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Sassy, Sad Tales Draw on Vivid Images of WWII

August 23, 2000|JONATHAN KIRSCH | SPECIAL TO THE TIMES

On my desk is a collection of "trench art," the handiwork of soldiers, sailors and airmen who fashioned various useful objects out of the detritus of war during their idle hours at the front--a cigarette lighter made out of an aircraft nut and a couple of uniform buttons, for example, or an ashtray made out of the brass casing of an antiaircraft shell. I began to find these objects--so clever and yet so poignant--in antique shops throughout the West over the last several years as the aging veterans of World War II (or, I fear, their surviving children) cleaned out their trunks and footlockers.

Something like the literary equivalent of trench art is on display in "Old Man in a Baseball Cap: A Memoir of World War II" by Fred Rochlin (HarperCollins, $20, 146 pages). Rochlin, a prominent Los Angeles architect who is married to historian and novelist Harriet Rochlin, was in his 70s when he enrolled in a storytelling workshop with monologuist Spalding Gray. Rochlin rummaged through his own collection of war stories to come up with raw material, and the end product is "Old Man in a Baseball Cap," a series of short, sassy, spirited tales of what it was like to serve in "the good war."

Rochlin was 19 when he enlisted in the Army Air Corps, and after only three weeks of training at Mather Field in Sacramento, he was assigned to an American air base in Italy as a navigator aboard a B-24 bomber. What allowed him to survive 50 combat missions over Europe, as we learn in "Old Man in a Baseball Cap," was a combination of technical competence, physical courage and raw superstition.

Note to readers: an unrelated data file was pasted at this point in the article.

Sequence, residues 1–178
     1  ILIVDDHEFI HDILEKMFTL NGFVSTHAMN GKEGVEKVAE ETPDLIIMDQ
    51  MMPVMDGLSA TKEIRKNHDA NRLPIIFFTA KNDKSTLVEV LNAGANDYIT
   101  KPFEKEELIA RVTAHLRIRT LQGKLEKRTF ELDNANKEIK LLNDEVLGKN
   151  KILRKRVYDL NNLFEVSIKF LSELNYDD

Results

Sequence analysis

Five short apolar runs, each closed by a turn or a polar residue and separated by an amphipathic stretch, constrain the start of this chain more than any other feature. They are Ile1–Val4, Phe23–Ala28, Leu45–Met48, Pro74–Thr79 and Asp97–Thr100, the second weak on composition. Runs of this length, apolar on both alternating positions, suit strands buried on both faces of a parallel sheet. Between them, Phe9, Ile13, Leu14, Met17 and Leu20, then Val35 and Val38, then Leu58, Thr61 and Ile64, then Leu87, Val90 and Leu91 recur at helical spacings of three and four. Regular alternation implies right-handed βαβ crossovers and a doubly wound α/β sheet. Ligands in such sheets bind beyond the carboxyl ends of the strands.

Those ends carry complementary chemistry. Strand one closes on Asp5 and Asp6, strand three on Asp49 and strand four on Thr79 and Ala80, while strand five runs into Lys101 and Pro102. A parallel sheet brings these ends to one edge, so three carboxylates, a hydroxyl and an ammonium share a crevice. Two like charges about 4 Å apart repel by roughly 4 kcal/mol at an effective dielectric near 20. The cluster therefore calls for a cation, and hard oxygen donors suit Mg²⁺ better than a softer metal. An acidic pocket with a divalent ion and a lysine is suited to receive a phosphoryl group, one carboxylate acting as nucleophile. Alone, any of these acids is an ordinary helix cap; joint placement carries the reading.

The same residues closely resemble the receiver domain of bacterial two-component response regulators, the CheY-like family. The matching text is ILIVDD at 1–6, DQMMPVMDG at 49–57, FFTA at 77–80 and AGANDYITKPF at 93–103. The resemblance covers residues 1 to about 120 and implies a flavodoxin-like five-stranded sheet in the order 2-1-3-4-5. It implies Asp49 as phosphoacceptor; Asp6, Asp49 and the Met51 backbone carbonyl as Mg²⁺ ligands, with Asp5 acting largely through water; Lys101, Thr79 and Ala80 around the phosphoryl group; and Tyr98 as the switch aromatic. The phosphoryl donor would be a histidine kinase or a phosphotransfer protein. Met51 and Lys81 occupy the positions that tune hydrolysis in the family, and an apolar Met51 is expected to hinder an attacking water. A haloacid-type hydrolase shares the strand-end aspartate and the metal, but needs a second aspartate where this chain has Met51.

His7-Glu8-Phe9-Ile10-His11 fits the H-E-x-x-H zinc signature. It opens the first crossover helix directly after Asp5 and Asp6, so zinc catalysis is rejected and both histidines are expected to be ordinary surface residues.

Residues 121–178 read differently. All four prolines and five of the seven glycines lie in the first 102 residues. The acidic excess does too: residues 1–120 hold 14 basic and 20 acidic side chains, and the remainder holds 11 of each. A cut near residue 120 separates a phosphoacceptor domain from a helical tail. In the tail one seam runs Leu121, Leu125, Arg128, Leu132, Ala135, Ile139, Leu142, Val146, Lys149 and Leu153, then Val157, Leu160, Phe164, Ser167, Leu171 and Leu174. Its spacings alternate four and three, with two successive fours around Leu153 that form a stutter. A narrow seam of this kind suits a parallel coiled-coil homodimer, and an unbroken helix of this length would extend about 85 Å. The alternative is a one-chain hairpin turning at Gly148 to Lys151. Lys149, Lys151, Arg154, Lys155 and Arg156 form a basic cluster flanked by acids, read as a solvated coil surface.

"I wore my wristwatch on my right wrist on all even days and on my left wrist on all odd days," Rochlin recalls. "Before takeoff, we all stood around and peed on the nose wheel. That was a given, it was mandatory."

Rochlin's experience of World War II owes more to Joseph Heller than Norman Mailer. His very first briefing focused on how to avoid catching a venereal disease, and the specific advice he was given cannot be printed in a family newspaper. Neither can the ingenious device that he used to avoid exposing certain body parts to frostbite when flying at high altitudes.

At moments, "Old Man in a Baseball Cap" is laugh-out-loud funny, as when Rochlin explains how the African American fighter pilots who accompanied his bombardment group extracted a certain delicious revenge on the racist colonel from Mississippi who commanded the mission. But Rochlin always returns to the hard truth of war, and the book is more often harrowing and even heartbreaking.

One day, for example, Rochlin helped save the life of a pregnant 14-year-old in a nearby town by assisting in an emergency caesarean delivery. A native of Nogales, Ariz., Rochlin spoke Spanish, and that was "close enough" to Italian for the Air Corps. The next day he participated in the bombing of a Hungarian village that had been mistakenly identified as a military target by faulty intelligence reports.

"Isn't this insanity?" he asked the flight surgeon who had performed the caesarean. "First, you follow orders and do what you've been trained to do," the officer lectured him. "Then just forget it. And if you can't forget, then pretend. And if you can't pretend, then deny, deny, deny. And that drink you're having, finish it, and have another and another."

Much of what Rochlin recalls from his service in the Second World War rings true, not only the compelling details of air combat but also the scandalous sexual adventures, the petty embarrassments of living with 120 men in barracks with only 20 toilets, the survival strategies for dealing with tedium and the ones for dealing with terror. Still, a few of his yarns, including an unlikely adventure that began when he was shot down over Yugoslavia and ended with a comic romantic liaison with an amorous female partisan, are almost too good to be true. And Rochlin himself is candid enough to warn his readers that truth is not always the essential ingredient of a well-told war story.

"The older I get," he cracks, "the more I remember things that never happened."

*

Russell Charles Leong, the poet and filmmaker who serves as editor of Amerasia Journal and the publications of the Asian American Studies Center at UCLA, offers his own take on the Asian experience in America in "Phoenix Eyes and Other Stories" (University of Washington Press, $30, hardcover; $16.95, paper; 208 pages), a collection of startling and unsettling short stories that are mostly set in the landscape of contemporary California.

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